This integral balance and poise can also be seen in the present work, Baigneuse Debout se Coiffant, le Coude Levé. The domestic-sized bronze female figure stands upright while combing its hair in an athletic pose that displays the body. The pose of the figure is shown in contraposto, that is, a form of counterpose where the line of the hips is different from that of the shoulders. This compositional device, in painting and sculpture, gives the figure a more interesting play of lines that emphasise volume and allow for a more dynamic play of shadows on the surface of the work. The device has been used for about 2,500 years and is a great technical leap forward from the stiff frontal or side poses of ancient Egyptian sculpture. The contraposto device owes its existence to the theories of the Greek sculptor Polykleitos (400 BC) and its invention was momentous. In Baigneuse Debout se Coiffant, le Coude Levé, Maillol has used the device in a way that owes its pose to the body of stretching athletes and athletes receiving laurels in Greek and Roman frescoes and to their depictions in the paintings of the highly influential French artist Puvis de Chavannes (1824-1898), who was President and co-founder of the Société National des Beaux-Arts (National Society of Fine Arts) when Maillol was a student.
The dynamic structure of Maillol’s sculpture Baigneuse Debout se Coiffant, le Coude Levé enlivens the volumes and lends it an unabashed ambience. This and the delicacy of modelling take it well beyond anything that could be called a figurine. The present work bears comparison with two of Maillol’s related works: Bather with Arms Raised of 1921 and his Three Nymphs in the Tuileries Gardens in Paris. The fact that the three sculptures share some attributes gives an indication of Maillol’s long-term fascination with the subject matter and its underlying importance. It’s not so much a case of him repeating himself, as lesser artists might, but of exploring all the artistic variations of the subject matter – in this, Maillol’s position is similar to that of his great contemporary Paul Cézanne (1839-1906) whose subject matter was narrowed down almost exclusively to still life themes. Both artists worked on a very restricted subject matter in order to explore and exhaust all the possibilities of the medium; they acted as though the subject matter was almost irrelevant and what really concerned them was the aesthetic exploration of form that thematic restriction allows. This reminds one that it is not the subject matter that makes the art. Thus considered, Maillol’s famous statement above gains a new meaning – the artist did nor consider himself to be an innovator, perhaps hinting at his disapproval of others, but rather as an artist whose body of work has a internal stability and yet displays an external variety – as a tree has fruit that is the same each year, yet it varies with each growth.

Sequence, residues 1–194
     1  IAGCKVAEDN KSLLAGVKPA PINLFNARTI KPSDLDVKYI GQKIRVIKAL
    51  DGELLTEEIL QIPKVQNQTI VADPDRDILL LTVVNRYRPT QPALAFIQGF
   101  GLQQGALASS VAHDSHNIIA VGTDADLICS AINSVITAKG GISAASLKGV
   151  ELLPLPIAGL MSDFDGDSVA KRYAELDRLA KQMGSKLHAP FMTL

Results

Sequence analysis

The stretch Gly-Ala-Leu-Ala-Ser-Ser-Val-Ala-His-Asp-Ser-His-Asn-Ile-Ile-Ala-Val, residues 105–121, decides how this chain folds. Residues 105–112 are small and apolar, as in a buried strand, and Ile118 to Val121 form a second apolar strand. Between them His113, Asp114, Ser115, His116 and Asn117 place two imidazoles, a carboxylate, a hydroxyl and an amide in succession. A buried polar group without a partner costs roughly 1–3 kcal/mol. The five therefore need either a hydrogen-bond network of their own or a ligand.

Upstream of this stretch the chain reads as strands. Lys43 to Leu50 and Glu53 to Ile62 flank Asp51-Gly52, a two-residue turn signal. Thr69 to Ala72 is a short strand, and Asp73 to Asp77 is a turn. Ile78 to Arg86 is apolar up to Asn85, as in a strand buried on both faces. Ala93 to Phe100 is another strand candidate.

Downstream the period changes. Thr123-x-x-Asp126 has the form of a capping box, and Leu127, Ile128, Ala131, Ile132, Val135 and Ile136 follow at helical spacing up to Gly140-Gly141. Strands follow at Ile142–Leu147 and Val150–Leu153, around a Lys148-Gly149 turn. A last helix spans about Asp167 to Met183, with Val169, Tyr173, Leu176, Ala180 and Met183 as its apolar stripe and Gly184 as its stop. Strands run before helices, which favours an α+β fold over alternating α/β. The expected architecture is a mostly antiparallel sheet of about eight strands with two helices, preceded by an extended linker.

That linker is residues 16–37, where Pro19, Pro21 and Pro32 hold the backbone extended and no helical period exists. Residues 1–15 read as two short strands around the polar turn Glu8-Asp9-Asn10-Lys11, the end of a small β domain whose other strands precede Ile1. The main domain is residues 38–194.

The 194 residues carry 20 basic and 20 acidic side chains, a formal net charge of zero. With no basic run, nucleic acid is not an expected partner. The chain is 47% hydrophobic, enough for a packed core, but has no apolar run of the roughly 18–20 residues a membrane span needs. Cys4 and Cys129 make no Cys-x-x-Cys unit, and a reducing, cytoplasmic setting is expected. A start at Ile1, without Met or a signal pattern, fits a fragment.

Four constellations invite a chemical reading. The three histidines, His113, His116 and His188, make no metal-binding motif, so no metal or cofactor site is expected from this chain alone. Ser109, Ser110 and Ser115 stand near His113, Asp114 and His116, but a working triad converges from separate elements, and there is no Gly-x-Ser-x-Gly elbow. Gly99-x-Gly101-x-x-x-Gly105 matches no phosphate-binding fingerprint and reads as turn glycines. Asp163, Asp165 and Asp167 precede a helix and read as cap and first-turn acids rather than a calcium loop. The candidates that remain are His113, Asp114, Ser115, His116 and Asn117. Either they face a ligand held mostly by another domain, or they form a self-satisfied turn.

Maillol was born into a long artistic tradition, but he was not defined by it. His art in sculpture, painting, drawing and etching was not limited by his training and he rose above it to be one of the most significant French sculptors to straddle the Nineteenth and the Twentieth Century. John Rewald, the great German-American expert on the art of the Nineteenth Century summed up part of Maillol’s achievements:
To celebrate the human body, particularly the feminine body, seems to have been Maillol’s only aim. He did this in a style from which all grandiloquence is absent, a style almost earthbound and grave… The absence of movement is, however, compensated by a tenderness and charm distinctively his own.1
1. Rewald, J., Aristide Maillol, Rosenberg Gallery, New York, 1958, pp.6-7
Rewald, J., Maillol, Hyperion Press, New York, 1939
Rewald, J., Aristide Maillol, Buffalo, Albright Art Gallery, New York, 1945
Rewald, J., Aristide Maillol, Rosenberg Gallery, New York, 1958
Rewald, J., The Woodcuts of Aristide Maillol, Pantheon Books, New York, 1951
Solomon R. Guggenheim Museum, Aristide Maillol, 1861-1944, Solomon R. Guggenheim Foundation, New York, 1975
Associate Professor Ken Wach
Dip. Art; T.T.T.C.; Fellowship RMIT; MA; PhD.
Former Principal Research Fellow and Head,
School of Creative Arts
The University of Melbourne